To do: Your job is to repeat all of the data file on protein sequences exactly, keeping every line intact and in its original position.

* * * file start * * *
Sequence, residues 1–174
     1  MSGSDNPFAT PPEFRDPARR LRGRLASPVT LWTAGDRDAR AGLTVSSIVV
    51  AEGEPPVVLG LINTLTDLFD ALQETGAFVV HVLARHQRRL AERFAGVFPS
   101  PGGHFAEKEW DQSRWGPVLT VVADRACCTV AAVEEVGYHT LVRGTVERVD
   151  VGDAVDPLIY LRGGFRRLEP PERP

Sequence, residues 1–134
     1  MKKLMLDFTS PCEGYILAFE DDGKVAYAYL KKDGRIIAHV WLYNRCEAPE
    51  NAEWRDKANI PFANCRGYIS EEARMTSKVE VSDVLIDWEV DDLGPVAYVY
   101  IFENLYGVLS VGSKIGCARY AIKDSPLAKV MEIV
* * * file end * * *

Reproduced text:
Sequence, residues 1–174
     1  MSGSDNPFAT PPEFRDPARR LRGRLASPVT LWTAGDRDAR AGLTVSSIVV
    51  AEGEPPVVLG LINTLTDLFD ALQETGAFVV HVLARHQRRL AERFAGVFPS
   101  PGGHFAEKEW DQSRWGPVLT VVADRACCTV AAVEEVGYHT LVRGTVERVD
   151  VGDAVDPLIY LRGGFRRLEP PERP

Sequence, residues 1–134
     1  MKKLMLDFTS PCEGYILAFE DDGKVAYAYL KKDGRIIAHV WLYNRCEAPE
    51  NAEWRDKANI PFANCRGYIS EEARMTSKVE VSDVLIDWEV DDLGPVAYVY
   101  IFENLYGVLS VGSKIGCARY AIKDSPLAKV MEIV